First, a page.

"Richard, I want you to be honest with me."
"Uh okay. Uh. Yeah. It's Katie, right? Yeah. Katie, I've got to be honest with you..."
"Excellent Richard. Thank you. Just be upfront and tell me. I've got a pretty good idea.."
"Now look, I'm afraid I have to be honest with you..."
I couldn't help but smile. And I feel badly! For someone who loves to make people laugh (yes, that would be me) I have been making so many people nervous lately. Or suddenly sad. Or cry on sight. Or simply stare. I wonder if it's written on my forehead... but no, that can't be. When I'm not crying, people seem normal. Like the guy who shouted at me, "HEY! Did you nick my car?" when my open van door barely touched his. (It hadn't.)
But back to Richard. I'm glad the undertaker got over falling over himself to be honest with me. He was. Which was good, because I needed to know. I was preparing to say goodbye, to place mementos in a beautifully white arms-length coffin, and arrange a tiny pink blanket. And I knew a D&C and autopsy was no beauty treatment for a little baby.
I know many would disagree with me, and you would have nurses and surgeons and undertakers on your side: Why put yourself through that Katie? Just let the professionals "handle it." But I could not live with that, because I am the mother. And this child, that had been stolen so suddenly by the hospital and then claimed by the funeral home ever since it left my body was finally to be back in my possession for a few brief moments of care. And I needed that to make all this real. To have my baby handled by a mom who loved it rather than all the specialists that have been poking and prodding her for days.
Let me put it this way: suppose you were an artist (okay fine, I'm flattering myself :) who'd been working on a masterpiece, daily, for months. You thought about it all the time. You poured your heart and soul into improving and protecting it. You ached all over from working on every angle of it. The fumes from the paint made you sick most of the time, but it was worth it for what you were creating.
And then there was an unexpected flood and somehow, your beloved work was ruined. Completely destroyed.
You are told this by a third party. You are devastated, and ask to see what happened. But you are told that "it is inadvisable." That it was impossible. That it was not allowed, for your own good.
Wouldn't you be like "What the h---?? But it's mine. I made it, not you. It's crucial to my happiness, but it means nothing to you... I understand what this was, not you. I know how best to deal with this, not you. Why are you trying to protect me from my precious work?"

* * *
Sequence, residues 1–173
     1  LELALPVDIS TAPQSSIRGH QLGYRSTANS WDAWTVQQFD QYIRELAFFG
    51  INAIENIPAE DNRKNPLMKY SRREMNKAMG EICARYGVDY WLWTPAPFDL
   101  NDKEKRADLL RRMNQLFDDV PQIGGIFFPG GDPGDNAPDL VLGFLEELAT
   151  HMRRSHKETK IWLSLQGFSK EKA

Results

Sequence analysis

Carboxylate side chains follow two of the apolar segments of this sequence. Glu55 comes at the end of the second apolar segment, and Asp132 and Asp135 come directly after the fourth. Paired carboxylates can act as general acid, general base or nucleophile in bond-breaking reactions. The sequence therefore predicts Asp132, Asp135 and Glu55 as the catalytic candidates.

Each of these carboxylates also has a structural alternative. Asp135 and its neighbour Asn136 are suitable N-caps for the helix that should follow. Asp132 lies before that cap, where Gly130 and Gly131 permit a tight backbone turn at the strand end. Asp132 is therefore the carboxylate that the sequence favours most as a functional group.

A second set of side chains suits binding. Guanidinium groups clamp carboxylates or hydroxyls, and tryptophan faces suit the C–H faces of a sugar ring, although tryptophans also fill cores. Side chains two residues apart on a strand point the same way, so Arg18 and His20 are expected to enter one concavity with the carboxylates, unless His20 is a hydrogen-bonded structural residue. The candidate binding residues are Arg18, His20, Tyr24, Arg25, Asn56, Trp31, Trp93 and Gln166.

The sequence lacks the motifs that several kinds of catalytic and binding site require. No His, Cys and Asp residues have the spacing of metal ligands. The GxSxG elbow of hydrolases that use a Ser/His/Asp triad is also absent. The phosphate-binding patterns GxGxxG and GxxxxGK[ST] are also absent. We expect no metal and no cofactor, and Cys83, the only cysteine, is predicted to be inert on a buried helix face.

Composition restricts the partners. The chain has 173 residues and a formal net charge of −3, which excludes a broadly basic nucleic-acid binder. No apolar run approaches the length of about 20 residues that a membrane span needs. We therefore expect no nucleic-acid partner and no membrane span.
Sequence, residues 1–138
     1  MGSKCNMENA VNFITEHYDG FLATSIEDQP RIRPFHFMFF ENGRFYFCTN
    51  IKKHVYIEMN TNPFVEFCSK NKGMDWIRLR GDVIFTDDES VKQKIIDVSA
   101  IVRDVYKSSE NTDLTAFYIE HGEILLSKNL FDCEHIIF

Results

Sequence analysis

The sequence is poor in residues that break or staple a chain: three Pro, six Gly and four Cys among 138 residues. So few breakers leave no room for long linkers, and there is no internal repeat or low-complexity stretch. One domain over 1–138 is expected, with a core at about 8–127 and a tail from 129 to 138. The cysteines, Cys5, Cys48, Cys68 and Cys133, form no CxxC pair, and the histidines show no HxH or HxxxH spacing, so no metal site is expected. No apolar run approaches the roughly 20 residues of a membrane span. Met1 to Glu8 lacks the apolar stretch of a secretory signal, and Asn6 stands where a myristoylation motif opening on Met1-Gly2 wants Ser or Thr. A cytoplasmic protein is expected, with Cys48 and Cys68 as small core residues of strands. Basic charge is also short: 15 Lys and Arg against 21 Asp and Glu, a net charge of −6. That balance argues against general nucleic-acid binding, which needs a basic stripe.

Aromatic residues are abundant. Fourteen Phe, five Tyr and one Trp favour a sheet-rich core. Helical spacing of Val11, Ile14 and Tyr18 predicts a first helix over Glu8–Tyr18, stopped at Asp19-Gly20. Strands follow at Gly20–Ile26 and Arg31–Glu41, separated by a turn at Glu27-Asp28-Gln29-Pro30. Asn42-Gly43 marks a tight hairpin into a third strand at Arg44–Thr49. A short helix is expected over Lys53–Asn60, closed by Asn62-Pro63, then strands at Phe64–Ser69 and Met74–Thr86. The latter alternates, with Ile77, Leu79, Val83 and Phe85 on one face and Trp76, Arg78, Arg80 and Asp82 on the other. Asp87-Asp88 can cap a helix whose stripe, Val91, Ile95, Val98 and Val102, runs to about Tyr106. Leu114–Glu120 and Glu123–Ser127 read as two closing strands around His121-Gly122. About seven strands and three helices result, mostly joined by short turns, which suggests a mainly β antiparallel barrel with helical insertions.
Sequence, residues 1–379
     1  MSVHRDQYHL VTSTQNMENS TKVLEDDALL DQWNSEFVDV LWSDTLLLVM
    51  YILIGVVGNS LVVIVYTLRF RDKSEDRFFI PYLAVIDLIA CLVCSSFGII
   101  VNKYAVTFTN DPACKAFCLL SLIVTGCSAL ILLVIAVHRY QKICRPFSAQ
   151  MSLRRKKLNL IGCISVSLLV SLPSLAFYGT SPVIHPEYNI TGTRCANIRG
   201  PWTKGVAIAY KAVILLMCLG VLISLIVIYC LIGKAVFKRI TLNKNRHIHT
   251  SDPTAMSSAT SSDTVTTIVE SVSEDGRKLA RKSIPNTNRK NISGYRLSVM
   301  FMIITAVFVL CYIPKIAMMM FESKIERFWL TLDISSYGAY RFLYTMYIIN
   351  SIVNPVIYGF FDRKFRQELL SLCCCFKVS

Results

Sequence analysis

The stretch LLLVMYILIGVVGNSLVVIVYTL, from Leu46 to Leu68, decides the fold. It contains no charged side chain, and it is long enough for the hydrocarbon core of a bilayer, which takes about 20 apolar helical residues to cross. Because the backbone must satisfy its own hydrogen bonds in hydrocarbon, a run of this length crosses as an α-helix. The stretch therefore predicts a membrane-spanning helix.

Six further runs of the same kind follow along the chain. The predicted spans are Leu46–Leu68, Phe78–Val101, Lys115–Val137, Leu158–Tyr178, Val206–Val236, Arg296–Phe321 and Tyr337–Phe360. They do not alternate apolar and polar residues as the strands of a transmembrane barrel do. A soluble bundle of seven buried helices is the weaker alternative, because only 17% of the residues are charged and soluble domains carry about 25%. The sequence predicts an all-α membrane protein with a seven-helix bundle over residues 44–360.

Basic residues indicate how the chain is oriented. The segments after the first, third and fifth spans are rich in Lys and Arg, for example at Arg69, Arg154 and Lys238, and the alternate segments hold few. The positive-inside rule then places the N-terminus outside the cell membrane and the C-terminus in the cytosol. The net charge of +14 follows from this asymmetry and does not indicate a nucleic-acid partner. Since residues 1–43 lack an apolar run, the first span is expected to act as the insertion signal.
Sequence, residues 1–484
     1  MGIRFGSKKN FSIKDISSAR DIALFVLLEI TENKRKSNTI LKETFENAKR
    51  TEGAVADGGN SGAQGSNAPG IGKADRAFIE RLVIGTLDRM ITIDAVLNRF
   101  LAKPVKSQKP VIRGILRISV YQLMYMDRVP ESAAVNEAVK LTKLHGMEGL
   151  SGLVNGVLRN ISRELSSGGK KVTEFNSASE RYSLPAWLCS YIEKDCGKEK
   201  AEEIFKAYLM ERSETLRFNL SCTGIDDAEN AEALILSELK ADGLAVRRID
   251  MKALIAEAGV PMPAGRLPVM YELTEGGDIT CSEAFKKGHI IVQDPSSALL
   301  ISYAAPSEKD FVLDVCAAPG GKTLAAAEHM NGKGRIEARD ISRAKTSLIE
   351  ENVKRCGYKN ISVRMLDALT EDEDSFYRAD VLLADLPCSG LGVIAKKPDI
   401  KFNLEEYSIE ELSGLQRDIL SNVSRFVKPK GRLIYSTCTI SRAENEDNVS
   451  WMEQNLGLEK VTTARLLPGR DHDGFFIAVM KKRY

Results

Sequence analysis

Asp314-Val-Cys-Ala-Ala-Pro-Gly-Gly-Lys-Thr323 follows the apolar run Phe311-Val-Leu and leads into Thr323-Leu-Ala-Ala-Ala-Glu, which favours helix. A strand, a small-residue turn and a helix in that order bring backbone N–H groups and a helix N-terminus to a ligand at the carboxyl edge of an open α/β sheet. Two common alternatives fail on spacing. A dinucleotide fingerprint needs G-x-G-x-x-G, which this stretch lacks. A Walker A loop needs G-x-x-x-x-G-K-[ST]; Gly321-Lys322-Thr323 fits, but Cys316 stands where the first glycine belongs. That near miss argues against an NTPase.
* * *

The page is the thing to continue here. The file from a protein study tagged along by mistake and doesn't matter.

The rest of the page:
Well, that would be my reaction anyway, and you are entitled to your own and I will certainly respect it. But for me, after this most precious work had been removed and stored and examined and tested and transferred... then, and only then, I was finally allowed to review the damage.
So what do you say when you finally see your beloved work in this condition?
You... sigh. And start to cry. And try to sing a lullaby, but settle for a whisper. You place a little lamb, a tiny angel, a sweet little cross nearby. You tuck her in the very softest blanket that your husband had just cut to perfect size. You place the gentlest kiss on the quiet face. "I'll see you in heaven, sweet thing." And you slowly close the lid with trembling fingers, and trace a cross on the casket as it snaps shut.
Then, you pull the rest of the tissues out of this weird ivory box, sniffle and blot and dry, and look at the two copper lamps beside the cross that are emitting a strange amber glow. "Dan, we gotta get us some of these for our living room. Very uplifting. A true mood enhancer." You notice that the coffin has a faint golden "Made in Canada" sticker on the side. "Abundantly untrue," so you peel that off. You pray a bit in the large room of empty chairs and plush carpet, and then prepare to leave.
The funeral director escorts you to the front door, looking at you as though you are a stick of dynamite near an open flame. "Please accept my deepest condolences."
"No. I cannot accept them. Oh okay, fine. Maybe one. If it's chocolate."
You drive straight to Pinkberry, and get a large.
"For you created my inmost being; you knit me together in my mother's womb....your works are wonderful, I know that full well." Psalm 139:13,14